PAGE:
Burlington Central enlightened by state experience

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NORMAL — The expressions on the faces of Sam Pryor, Alison Colby and Kayla Ross on Saturday looked like they had just learned something about themselves and their Burlington Central’s girls basketball team.

Call it an expression of enlightenment.

Along with the school’s first-ever state basketball trophy for fourth place in Class 3A, the Rockets came away from their experience at Redbird Arena believing they now had a very good idea of what it will take to make the next step and win a state title in the future. And they think they can do it.

“Something I took away from this was I came into this just happy to be here,” said Pryor, a sophomore and the Rockets’ scoring leader. “It was like our supersectional last year — I came into it just happy to be there and this year we went down there wanting to win it.

“Next year we’re going to be here to win it.”

It may seem a bold statement, considering the Rockets lost 64-40 in the third-place game to Quincy Notre Dame.

Still, the loss was deceiving. It came against a veteran Raiders team that had rebounded well emotionally from a semifinal loss. Veteran teams frequently do. Bartlett did it in Class 4A in 2012 for third place.

The Rockets had taken eventual state champion Montini to the limit, leading with less than three minutes remaining before losing 34-26 in Friday’s semifinals. A young team without a senior in its top seven didn’t bounce back from the disappointment of a narrow loss like a veteran team might.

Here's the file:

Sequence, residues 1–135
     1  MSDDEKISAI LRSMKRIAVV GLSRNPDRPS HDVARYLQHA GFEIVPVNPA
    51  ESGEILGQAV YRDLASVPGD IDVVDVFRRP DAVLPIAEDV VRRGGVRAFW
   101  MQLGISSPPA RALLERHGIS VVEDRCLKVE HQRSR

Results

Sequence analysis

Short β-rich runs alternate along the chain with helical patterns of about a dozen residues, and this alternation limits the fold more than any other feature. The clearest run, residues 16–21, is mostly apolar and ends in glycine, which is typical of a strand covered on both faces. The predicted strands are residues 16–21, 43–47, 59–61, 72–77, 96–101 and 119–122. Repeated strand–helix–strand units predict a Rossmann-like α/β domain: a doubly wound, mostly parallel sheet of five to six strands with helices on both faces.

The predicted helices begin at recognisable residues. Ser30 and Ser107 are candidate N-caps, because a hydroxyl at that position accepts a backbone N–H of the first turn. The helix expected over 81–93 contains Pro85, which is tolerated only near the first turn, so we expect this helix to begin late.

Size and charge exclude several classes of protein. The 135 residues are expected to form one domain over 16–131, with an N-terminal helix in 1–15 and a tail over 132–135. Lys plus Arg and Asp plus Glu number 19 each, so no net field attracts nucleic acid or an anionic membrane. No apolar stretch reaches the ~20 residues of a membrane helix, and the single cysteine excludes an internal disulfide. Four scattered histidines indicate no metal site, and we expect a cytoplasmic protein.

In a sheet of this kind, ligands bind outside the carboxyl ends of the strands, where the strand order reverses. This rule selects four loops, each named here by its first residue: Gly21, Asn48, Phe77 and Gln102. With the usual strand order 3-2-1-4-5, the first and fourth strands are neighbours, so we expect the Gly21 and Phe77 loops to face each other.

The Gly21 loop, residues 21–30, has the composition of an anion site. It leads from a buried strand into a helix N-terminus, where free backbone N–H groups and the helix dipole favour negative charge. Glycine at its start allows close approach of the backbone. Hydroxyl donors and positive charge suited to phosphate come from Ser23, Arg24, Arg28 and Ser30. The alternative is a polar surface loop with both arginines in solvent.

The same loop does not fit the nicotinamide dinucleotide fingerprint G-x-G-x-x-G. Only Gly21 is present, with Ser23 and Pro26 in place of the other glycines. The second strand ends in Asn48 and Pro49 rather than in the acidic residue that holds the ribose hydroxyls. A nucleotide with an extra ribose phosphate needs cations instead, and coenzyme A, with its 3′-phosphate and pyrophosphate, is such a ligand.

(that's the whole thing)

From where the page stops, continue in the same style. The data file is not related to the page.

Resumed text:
They did bounce back with a respectable second half after getting outscored 42-21 the first half by Quincy Notre Dame.

“We finished as a team,” Colby said. “That’s something to be proud of, I think.”

As the lone public school in the 3A Final Four, the Rockets achieved a 28-4 record and go forward realizing it might take better ability to stand up to pressure on offense to achieve what they want. They committed 47 turnovers in two games at state.

It didn’t diminish what they had achieved, though.

“It’s just been an awesome experience,” Burlington Central coach Mark Smith said. “We just say many, many times look around and soak it all in because you never know if it’s going to happen again.”

Next year is promised to no one. The state might intervene and change up the route to make it even more difficult for Central. Already, too, there is talk of some larger schools dropping down into 3A, chiefly Class 4A supersectional qualifier Rockford Boylan. That could make a repeat trip more difficult.

And it’s always difficult to account for upsets. Huntley thought it would be at state again last year, but didn’t make it. Wheaton-Warrenville South thought it would be at state two straight years and never made it.

Central got its medals and trophy at halftime of the championship game, then left for a celebration Saturday night at the school.

Just before receiving the hardware, Smith was already thinking about the possibility of making it a larger trophy next season.

“One of the goals we wrote at the beginning of the year was ‘Let’s go downstate,’” Smith said. “And I think the goal I’m going to try to emphasize next year is ‘Let’s win state.’”

The players — as well as the coaches — had caught the state title fever at this year’s state tourney.

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